The transistor we have been provided can only hold 200mA max and I need something to hold 3.5A. And the solution I was imagining is to use parallel transistors which I hope could work the same way as resistors sharing current.

    Also, I think that I need to worry about the branch connecting the resistor and adjustable volt. regulator, since I believe some current(I do not exactly how large; the Imax for the regulator is 1A) will flow through there and may cause the resistors to burn. The solution to this is to connect many resistors in series instead of using just one resistors.

    About the solution you recommended, I thought about it and think it can be the backup solution for the project. Because we are encouraged to use free stuff provided by school and it could be costly and time consuming to buy a volt. regulator.

    By the way, we do simulation before bread-boarding and only after the successful test on breadboard, we can then convert the design to PCB. So, no worry about safety :)

    Thanks for replying.

    Eric
     
    Last edited: Nov 6, 2011
  5. bountyhunter

    Well-Known Member

    Sep 7, 2009
    2,498
    507
    Your main problem is not current, it is power dissipation. This design is not feasible to be done with a linear regulator such as your schematic shows. I would use a buck switching converter such as LM2576.
     
  6. zhaoruibing

    Thread Starter New Member

    Nov 6, 2011
    5
    0
    Thanks bountyhunter.

    I understand the power part now, you mean the transistor can not dissipate that much of power and suggesting to use something that is capable of larger(suitable) power.

    Power depends on I^2*R, not just current.

    The situation is buying parts from elsewhere is really inconvenience compare to order parts from school. Since the project was given to us last week and I have to come up with a design and test it on the breadboard and convert it to BCD design on Altium by this Friday. So, I really appreciate to find some designs that use only the "little" parts that are in stock, no matter how many the design needs to use. Ordering parts online or looking for domestic shops would be time consuming and uncertain.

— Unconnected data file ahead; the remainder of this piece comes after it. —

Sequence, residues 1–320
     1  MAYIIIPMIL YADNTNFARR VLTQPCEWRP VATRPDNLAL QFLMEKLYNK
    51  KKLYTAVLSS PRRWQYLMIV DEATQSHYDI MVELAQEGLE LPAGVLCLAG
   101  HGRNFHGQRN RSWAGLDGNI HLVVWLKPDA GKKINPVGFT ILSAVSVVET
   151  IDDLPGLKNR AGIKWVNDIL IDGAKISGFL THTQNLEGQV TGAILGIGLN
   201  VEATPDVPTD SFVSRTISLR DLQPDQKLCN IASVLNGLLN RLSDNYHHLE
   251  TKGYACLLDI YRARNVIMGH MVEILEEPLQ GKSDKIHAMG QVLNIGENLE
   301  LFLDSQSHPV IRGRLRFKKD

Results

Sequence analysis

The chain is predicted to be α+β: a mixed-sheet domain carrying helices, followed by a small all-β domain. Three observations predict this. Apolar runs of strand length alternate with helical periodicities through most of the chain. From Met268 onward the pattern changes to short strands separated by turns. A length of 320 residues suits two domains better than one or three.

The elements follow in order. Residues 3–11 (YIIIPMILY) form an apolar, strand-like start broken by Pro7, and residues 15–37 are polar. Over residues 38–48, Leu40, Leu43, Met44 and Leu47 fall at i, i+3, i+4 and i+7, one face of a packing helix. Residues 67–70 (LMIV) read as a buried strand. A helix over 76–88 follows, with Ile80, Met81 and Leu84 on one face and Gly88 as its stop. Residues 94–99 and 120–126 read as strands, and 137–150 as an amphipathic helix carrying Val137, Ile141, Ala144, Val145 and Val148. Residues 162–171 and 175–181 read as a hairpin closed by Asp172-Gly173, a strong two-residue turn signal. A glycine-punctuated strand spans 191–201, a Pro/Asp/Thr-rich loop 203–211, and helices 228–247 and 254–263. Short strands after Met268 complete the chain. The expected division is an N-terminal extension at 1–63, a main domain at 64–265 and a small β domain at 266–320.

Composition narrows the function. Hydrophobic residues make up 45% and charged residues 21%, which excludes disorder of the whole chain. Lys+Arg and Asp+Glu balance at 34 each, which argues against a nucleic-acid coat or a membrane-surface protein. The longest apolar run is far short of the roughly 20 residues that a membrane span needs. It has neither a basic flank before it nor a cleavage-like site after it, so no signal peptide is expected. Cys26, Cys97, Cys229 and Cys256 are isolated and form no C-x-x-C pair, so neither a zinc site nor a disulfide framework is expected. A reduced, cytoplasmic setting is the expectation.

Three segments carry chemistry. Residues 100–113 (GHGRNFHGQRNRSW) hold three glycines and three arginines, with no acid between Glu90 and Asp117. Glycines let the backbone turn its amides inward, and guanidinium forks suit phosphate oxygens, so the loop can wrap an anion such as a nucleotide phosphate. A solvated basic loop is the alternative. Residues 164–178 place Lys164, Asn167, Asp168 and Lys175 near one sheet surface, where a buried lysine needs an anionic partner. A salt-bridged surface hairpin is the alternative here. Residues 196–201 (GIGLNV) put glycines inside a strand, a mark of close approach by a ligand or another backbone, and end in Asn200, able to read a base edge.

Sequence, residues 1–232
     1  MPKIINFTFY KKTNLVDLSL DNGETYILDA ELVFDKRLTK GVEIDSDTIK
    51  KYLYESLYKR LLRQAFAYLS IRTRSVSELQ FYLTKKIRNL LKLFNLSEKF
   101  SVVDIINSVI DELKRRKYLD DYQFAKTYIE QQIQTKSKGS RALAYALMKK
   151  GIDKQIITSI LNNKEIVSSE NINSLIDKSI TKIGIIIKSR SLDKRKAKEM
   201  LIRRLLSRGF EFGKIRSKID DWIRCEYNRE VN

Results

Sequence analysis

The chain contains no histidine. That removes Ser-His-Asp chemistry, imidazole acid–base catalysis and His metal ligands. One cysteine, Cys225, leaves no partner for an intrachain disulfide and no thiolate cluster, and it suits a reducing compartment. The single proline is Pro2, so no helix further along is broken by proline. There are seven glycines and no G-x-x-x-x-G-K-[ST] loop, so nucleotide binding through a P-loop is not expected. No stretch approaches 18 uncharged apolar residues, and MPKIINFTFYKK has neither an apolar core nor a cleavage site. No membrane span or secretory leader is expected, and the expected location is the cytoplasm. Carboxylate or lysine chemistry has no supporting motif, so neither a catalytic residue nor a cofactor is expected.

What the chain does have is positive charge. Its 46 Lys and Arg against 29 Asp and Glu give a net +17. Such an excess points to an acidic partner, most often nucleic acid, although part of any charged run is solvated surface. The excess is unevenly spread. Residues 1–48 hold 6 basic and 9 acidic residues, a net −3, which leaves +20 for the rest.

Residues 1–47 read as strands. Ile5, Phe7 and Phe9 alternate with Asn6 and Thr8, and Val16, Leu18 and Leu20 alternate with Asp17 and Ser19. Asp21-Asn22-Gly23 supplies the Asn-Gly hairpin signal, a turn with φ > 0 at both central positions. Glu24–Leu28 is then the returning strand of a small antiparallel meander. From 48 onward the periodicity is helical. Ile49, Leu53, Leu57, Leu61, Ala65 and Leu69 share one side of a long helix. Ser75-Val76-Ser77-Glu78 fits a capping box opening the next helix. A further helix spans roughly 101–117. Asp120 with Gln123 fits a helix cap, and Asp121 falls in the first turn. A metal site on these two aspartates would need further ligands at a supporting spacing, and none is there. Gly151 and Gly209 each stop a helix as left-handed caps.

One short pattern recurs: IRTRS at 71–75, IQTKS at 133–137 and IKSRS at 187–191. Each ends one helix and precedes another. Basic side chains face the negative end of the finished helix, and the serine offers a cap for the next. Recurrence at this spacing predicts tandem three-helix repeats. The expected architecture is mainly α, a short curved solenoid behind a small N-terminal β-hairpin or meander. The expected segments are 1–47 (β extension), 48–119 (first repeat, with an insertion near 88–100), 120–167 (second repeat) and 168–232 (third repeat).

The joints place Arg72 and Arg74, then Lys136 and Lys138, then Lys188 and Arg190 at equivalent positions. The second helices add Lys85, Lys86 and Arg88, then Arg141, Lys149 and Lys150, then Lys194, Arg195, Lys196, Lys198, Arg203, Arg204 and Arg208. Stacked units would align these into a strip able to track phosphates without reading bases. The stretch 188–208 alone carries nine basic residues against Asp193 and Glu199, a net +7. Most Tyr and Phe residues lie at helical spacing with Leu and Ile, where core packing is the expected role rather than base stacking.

7. bountyhunter

    Well-Known Member

    Sep 7, 2009
    2,498
    507
    Power in a linear regulator is not I(squared) x R. That is only in a resistor. Power in a linear regulator is:

    (Vin - Vout) x I LOAD

    plus other smaller power from bias current.

    The linear regulator design you have chosen is not feasible. The transistors you list are all in tiny TO-92 package which means their thermal resistance is about 125 degrees C/Watt. You would need about 100 of them in parallel to handle the 46W of power dissipation.
     
  8. zhaoruibing

    Thread Starter New Member

    Nov 6, 2011
    5
    0
    Thanks for the clarification, it is more clear now.

    As you pointed out, I decided to use another design given in the LM317 datasheet named as "Adjustable 4A Regulator".
    This design connects three LM317 in parallel and used a opamp and a transistor as the feedback system for balancing the three volt regulators. I did my best calculating the power and current and seems this design is very likely to work. The control system dissipates small power and most of the power is at the three LM317.

    I believe by adding more LM317 in parallel based on the design, the temperature of the LM317 can be further decreased and the stability can increase(since one LM317 breaks down will not affect other LM317)

    Schematic is on page 22 on the datasheet( www.national.com/ds/LM/LM117.pdf ).
     
    Last edited by a moderator: Nov 8, 2011